Wednesday, January 08, 2014

Chronicles of the award

Political and social events in the distant past compelled me to write something. Something fictitious. Precision might be far-fetched regarding when I actually penned the first sentence. But it was some time in August last year. From that frail, uninspiring sentence, a novel manuscript that was to be named Evil Assignment was born. It was conceived in the scraps of history; for what had been my core inspiration got carelessly tucked away in politics.


But, what mattered was the birth of Evil Assignment. Even though its source is one of pain and misery, it’s still an inspiration. After all, the muse speaks best out of agony.


And, when I received a phone call from the Malawi Writers Union on 23 September this year that informed me that my manuscript had reached the finals in the prestigious Peer Gynt Literary Awards which was being bankrolled by The Royal Norwegian Embassy, I was rather shocked. Not because I didn’t have confidence in what I had written. But, because I had forgotten everything about the competition. And the prize presentation ceremony was to be held three days later.


Now, the three waiting days were like eternity. You receive a phone call that informs you that your manuscript is one of the 13 shortlisted ones. Then, you're told that out of the 13, only three will win. You read in the media that out of the 13 finalists, six are veteran writers. And, this happens to be the first ever writing competition you entered. You should be justified to feel unsafe, nervous, shocked. Well, you can as well be proud of yourself for you pretty well know that you've already beaten 40 other participants. And, that you've reached the finals anyway.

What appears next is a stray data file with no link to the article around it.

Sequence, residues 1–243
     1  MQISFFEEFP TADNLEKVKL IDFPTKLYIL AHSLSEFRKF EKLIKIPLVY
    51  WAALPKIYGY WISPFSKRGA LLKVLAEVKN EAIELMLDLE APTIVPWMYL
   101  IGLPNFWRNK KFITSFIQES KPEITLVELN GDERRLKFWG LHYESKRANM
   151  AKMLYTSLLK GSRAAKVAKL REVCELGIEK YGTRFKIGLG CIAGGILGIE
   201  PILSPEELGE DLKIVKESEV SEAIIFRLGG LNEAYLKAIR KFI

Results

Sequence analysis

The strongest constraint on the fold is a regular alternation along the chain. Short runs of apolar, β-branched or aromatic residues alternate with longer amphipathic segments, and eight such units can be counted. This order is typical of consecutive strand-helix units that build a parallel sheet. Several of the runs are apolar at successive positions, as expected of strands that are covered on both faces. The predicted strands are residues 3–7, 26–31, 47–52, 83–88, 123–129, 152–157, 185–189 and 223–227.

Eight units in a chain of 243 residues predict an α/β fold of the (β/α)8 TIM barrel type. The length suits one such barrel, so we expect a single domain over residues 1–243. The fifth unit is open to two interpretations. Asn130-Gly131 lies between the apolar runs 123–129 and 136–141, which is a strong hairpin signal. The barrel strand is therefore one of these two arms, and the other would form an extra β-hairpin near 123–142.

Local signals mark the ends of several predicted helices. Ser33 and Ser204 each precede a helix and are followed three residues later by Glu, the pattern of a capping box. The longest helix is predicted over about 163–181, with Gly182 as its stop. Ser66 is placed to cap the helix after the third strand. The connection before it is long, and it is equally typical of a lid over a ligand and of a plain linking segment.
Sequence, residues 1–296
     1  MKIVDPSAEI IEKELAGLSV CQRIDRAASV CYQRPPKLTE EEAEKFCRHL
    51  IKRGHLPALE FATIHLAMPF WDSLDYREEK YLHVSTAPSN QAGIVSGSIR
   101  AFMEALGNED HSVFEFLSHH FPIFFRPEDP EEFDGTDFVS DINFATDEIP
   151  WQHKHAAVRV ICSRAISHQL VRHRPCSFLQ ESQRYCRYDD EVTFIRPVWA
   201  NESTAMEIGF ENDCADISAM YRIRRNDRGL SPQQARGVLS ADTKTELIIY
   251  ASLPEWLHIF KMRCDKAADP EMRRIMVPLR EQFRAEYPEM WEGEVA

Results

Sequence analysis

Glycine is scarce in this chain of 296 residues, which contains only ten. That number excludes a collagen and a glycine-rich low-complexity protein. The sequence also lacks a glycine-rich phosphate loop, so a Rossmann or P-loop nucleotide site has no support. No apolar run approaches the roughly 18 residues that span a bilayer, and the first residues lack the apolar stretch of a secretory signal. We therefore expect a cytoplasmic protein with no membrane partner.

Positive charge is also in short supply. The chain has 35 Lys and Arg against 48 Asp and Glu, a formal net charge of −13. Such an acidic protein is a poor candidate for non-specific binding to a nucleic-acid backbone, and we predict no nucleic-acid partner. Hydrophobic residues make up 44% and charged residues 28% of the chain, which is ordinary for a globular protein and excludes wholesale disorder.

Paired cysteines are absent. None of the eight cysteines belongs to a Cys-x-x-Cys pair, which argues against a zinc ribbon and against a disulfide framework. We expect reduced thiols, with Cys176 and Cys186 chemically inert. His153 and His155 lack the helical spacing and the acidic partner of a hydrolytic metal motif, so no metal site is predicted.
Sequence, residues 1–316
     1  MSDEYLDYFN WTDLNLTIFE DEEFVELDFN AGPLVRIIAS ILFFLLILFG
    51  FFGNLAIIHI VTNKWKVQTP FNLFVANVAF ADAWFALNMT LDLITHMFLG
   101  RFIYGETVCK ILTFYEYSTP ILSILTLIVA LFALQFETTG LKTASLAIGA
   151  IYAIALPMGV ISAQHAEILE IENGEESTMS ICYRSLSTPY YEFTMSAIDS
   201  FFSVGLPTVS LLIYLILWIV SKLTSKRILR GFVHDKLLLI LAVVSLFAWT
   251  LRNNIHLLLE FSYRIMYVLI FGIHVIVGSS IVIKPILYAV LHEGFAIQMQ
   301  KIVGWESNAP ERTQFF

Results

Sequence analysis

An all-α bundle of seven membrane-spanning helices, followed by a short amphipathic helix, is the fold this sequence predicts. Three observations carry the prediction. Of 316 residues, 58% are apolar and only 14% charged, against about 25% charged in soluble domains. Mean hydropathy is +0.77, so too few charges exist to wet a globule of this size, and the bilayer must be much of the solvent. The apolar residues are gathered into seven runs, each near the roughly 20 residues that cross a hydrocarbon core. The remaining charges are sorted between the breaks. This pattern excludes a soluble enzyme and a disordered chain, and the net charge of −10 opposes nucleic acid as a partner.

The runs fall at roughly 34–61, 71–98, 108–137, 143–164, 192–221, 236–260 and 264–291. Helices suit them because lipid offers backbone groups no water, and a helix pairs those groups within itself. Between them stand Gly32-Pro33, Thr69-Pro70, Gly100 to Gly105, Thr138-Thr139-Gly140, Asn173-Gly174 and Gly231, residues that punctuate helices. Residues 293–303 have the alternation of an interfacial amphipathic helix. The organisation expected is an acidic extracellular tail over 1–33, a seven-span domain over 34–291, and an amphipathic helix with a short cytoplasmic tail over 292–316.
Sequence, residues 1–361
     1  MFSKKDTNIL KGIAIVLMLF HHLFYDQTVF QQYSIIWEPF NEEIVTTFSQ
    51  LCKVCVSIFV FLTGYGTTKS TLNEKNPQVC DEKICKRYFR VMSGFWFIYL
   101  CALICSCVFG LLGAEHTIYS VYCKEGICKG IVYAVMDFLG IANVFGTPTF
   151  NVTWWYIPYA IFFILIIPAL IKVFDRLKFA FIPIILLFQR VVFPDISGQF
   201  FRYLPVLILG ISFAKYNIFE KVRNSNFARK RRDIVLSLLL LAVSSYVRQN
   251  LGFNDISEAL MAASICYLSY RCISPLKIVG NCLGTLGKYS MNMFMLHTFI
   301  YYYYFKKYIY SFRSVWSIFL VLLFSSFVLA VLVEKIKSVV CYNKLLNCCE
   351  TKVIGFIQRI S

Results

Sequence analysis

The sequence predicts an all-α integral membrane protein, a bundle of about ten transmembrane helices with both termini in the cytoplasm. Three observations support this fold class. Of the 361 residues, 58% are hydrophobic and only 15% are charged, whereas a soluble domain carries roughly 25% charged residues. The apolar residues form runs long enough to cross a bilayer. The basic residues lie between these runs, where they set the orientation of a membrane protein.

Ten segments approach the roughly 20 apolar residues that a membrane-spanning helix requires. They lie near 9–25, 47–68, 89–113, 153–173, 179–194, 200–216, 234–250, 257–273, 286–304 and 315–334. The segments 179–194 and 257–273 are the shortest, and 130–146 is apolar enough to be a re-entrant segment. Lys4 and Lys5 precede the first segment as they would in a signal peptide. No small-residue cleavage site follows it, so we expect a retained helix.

Thursday, September 26. Still nervous, I travelled to the Norwegian Ambassador’s residence where we, the finalists, were supposed to have a caucus with the judges, Professor Jack Mapange, Dr. James Ng’ombe and award winning Zambian author Ellen Banda-Aaku. I was the first to arrive at the ambassador’s residence, followed by Willie T. Zingani and Aubrey Kalitera. Then, other finalists arrived in the company of the judges.


We were treated to some ‘strange’ foods, but that didn’t matter to me. I just ate to make a virtue of necessity, for my mind was on the main event of the day. During the caucus, the judges discussed with us what a good novel should have. That, still, didn’t matter to me.


We left for Latitude 13 Degrees some minutes before six. That was where the main prize presentation ceremony would take place. At the hotel, we were treated to some Country and Western music by a band whose name I can’t remember. Well, the music didn’t matter to me.


Then the main event was nearing. Minister of Tourism, Wildlife and Culture Rachel Mazombwe Zulu delivered her speech after Mawu President Sambalikagwa Mvona and Norwegian Ambassador Asbjorn Eidhammer. I paid modest attention to what these people said.


Then, came the time. The time I had been nervously waiting for. I heaved a deep sigh as the leader of the panel of judges, Dr Ng’ombe strutted upfront to announce the winners of this year’s Peer Gynt Literary Awards. He talked about what they, as judges, had concentrated on in scrutinising the manuscripts. That didn’t seem to matter to me. It just couldn’t.


Then he went ahead to reveal that excerpts from the three winning manuscripts would be read out by the judges. The first one was read out. I don’t know from whose manuscript it was taken. Then. Then, then the second. And, I knew it. Jack Mapanje read it. He read it with so much vigour and passion that you would be forgiven for assuming he was the author. The excerpt was from Evil Assignment.


I had submitted the manuscript on 2 March, two months before the deadline. Being out of touch with most events taking place in this country at that time, I wasn’t aware that the deadline had been extended. Still, the extension didn’t matter. What I submitted on March 2 could be the same manuscript I would submit in May. And, in any case, it would still scoop the second position. It couldn't beat Shadreck Chikoti's Azotus the Kingdom which won the jackpot.

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